SEATTLE, Wash. — Working in emergency services means putting yourself in dangerous situations.
Sometimes it’s life or death. As was the case with the devastating mudslide that struck a Seattle neighborhood in 2014.
“I was deployed to the Oso mudslide about seven years ago and it was a mudslide that killed 40 people,” said Lt. Michael Dulas, with the Seattle Fire Department.
“My role was to help search the mudslide for people. So, we were literally digging, looking for people,” he said.
Dulas, along with hundreds of first responders, were influenced by the weeks-long search.
“We were up there for four 24 hour shifts in a row,” said Steve Yeutter, who works with Dulas at the fire department.
“The most normal part of that day was petting the search dogs at the end of the day,” said Dulas.
Dulas was inspired by the Oso slide, and its aftermath, to make a small, but important change at Seattle Fire. The department received dogs.
“Zoe’s a 2-year-old Bernedoodle, so half Bernese mountain dog and half poodle,” said Dulas.
Zoe is Mike’s dog and one of three therapy dogs who have joined the fire department as part of a pilot program. Seattle firefighters also own Bob (and Hera) the other two therapy dogs.
“She’s just being a dog, bringing a smile to people’s faces, being goofy, doing dog things. And dogs are proven to lower your heart rate, lower your blood pressure,” said Dulas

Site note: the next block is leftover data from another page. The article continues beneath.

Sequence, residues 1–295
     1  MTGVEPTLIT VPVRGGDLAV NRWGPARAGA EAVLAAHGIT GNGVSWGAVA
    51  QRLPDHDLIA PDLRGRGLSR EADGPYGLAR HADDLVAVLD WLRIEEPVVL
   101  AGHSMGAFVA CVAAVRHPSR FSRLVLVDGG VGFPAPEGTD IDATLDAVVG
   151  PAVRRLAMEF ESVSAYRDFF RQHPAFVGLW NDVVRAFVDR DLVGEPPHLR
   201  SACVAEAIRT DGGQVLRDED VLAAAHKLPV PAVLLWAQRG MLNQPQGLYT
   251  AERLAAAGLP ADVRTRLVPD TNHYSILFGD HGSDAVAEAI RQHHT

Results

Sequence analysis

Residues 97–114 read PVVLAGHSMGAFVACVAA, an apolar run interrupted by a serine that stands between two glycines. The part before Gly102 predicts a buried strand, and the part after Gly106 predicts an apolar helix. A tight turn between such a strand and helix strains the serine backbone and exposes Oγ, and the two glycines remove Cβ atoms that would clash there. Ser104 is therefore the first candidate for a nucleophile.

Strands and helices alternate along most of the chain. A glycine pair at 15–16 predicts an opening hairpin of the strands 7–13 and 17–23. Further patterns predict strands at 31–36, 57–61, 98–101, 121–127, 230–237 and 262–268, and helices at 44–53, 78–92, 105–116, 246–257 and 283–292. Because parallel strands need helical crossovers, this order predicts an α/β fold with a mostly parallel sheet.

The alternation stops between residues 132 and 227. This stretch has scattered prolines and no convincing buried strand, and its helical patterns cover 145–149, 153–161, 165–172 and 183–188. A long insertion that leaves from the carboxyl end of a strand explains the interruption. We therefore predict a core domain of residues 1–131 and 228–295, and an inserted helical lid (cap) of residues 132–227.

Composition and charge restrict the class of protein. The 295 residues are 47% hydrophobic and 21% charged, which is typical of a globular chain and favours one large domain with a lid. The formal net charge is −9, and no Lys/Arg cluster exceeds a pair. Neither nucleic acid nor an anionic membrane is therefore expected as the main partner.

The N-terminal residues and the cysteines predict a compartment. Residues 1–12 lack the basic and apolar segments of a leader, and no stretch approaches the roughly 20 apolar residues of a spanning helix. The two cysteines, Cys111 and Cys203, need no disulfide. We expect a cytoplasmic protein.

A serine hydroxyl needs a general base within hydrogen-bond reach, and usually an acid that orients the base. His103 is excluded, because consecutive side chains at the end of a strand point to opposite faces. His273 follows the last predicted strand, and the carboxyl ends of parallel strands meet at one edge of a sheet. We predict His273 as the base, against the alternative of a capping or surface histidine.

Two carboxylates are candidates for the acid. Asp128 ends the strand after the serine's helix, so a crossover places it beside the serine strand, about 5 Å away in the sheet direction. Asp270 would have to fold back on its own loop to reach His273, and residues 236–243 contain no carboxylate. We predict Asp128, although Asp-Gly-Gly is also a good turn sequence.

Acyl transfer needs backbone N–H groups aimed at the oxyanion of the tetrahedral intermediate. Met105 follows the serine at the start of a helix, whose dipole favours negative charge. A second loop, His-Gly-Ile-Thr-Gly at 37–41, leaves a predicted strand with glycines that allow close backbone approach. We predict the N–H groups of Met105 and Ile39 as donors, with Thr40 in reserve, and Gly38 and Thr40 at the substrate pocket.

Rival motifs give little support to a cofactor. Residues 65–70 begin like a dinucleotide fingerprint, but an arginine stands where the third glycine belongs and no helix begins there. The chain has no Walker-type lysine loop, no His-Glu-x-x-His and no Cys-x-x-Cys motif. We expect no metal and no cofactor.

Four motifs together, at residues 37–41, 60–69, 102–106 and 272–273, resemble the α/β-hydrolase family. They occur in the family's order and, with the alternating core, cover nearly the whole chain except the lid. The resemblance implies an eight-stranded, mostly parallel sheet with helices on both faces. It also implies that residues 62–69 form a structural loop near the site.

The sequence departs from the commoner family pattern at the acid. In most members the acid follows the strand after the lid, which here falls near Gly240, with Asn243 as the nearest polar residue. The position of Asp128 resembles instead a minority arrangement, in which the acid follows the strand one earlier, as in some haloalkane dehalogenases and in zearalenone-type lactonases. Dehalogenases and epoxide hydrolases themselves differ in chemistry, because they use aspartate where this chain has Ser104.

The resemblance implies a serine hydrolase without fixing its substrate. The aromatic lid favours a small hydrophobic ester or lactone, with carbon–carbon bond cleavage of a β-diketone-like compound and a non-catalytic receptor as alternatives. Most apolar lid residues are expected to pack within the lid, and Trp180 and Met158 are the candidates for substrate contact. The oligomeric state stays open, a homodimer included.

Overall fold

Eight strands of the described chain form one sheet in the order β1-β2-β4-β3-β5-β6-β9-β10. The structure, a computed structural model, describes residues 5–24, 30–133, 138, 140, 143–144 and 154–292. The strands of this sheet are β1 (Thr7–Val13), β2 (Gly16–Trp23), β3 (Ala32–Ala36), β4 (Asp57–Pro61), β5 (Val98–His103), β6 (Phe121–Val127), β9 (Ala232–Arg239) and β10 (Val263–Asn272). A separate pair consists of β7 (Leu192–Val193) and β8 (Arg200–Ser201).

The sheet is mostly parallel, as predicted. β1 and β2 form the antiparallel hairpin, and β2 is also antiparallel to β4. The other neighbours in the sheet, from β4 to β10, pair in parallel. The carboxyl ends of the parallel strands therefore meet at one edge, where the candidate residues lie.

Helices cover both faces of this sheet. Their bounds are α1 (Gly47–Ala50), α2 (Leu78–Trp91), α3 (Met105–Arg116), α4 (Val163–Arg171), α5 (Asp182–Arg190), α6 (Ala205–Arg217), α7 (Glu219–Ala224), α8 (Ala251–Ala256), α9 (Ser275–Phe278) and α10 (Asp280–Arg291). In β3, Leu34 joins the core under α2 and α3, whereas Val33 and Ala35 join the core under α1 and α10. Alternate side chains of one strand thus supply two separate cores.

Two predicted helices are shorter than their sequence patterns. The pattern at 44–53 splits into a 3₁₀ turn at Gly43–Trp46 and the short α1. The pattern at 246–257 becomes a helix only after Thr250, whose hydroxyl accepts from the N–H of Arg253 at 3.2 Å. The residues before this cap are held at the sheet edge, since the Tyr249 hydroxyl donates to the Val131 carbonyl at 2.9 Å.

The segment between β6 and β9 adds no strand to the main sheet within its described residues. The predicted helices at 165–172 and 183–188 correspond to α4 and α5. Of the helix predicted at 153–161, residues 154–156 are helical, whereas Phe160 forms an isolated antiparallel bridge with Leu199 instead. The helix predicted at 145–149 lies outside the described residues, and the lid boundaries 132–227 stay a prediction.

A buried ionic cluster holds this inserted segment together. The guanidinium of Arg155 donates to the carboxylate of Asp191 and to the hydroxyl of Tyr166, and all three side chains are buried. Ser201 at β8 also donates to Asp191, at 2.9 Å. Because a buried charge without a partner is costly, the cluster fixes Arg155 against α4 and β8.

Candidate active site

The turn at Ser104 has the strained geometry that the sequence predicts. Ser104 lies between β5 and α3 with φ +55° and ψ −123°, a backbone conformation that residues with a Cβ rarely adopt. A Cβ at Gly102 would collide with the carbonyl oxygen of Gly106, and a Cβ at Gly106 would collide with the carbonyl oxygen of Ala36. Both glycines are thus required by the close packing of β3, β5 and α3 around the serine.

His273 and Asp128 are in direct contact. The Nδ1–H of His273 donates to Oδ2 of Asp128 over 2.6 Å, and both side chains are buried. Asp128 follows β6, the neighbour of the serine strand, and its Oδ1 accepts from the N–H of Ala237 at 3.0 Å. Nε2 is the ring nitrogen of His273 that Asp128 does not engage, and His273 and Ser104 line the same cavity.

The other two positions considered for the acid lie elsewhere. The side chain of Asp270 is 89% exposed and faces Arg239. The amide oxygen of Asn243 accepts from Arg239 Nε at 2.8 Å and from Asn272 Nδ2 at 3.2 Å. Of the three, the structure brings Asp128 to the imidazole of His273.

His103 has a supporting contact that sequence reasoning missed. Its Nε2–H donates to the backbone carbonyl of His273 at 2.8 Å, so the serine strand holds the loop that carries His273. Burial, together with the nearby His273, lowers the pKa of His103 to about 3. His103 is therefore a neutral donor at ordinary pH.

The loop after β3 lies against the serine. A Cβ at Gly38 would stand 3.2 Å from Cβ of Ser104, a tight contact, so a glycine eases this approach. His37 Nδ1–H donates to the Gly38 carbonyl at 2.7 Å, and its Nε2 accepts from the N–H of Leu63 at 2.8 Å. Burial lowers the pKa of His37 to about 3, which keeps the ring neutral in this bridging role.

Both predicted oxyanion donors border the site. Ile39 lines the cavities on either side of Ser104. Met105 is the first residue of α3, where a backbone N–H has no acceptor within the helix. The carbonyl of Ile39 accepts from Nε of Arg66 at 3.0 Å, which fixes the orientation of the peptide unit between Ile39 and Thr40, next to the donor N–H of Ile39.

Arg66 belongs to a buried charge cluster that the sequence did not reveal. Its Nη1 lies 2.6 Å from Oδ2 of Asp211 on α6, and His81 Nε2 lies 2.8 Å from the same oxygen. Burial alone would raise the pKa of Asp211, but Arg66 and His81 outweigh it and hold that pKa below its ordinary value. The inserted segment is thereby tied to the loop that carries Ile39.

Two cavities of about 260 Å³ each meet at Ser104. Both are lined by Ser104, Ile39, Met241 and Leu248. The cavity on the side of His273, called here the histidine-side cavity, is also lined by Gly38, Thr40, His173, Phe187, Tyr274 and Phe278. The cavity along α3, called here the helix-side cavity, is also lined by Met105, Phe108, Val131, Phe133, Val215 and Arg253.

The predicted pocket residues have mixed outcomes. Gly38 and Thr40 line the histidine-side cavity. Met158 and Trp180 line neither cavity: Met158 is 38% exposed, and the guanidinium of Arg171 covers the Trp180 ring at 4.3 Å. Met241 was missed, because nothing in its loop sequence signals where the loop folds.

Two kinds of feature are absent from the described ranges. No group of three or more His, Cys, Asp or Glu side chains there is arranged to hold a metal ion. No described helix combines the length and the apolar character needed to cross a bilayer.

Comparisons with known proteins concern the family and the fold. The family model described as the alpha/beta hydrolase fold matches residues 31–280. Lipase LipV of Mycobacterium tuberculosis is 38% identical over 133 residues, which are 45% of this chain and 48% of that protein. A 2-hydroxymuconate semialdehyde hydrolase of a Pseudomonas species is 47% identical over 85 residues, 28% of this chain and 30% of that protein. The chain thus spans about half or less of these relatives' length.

Agencies across the U.S. are looking for a solution to the mental health crisis. Police officers and firefighters are more likely to commit suicide than they were in the line-of-duty. Around 30% of emergency personnel will suffer from mental health issues like depression and post-traumatic Stress Disorder (PTSD).
“For a number of years, those issues were really under-recognized, and it was just assumed, ‘Oh, they’re tough. They see it every day,’” said Chip Schreiber, a clinical psychologist at UCLA who specializes in creating programs to reduce PTSD in first responders.
“Suicide and serious depression are the final common pathway of stress and symptoms that potentiate and then lead to greater conflict in the environment and ability to function in your family,” said Schreiber.
“In ’95, Seattle lost four firefighters in the Mary Pang warehouse fire. One of them was my best friend. Randy Terlicker was his name,” said Yeutter. “Had a hard time for about 24 hours just even functioning.”
Yeutter has spent three decades with Seattle Fire.
He is now a peer support coordinator and helps firefighters in a variety of situations.
“Possibly line of duty deaths, injuries to firefighters. Some of the other things that might trigger a response might be multi-casualty incidents, or possibly suicides or difficult runs with children,” said Yeutter.
Yeutter and Dulas say that they have had times where they wish there was more from the department.
“I lost a little brother who was in the Army to suicide. I’ve watched my older brother as a firefighter struggle with PTSD and that’s a lot of my motivation is just I want to take a different path and I want to be well,” said Dulas.
Both claim that there are more resources for firefighters today.
“When you feel those reactions when you sick, when you feel stressed, when you can’t sleep for a couple weeks, get out there and ask for help,” said YeutterYou can read more.
“I want to see everyone retire healthy, happy, with their families intact and just go have a great life after,” said Dulas.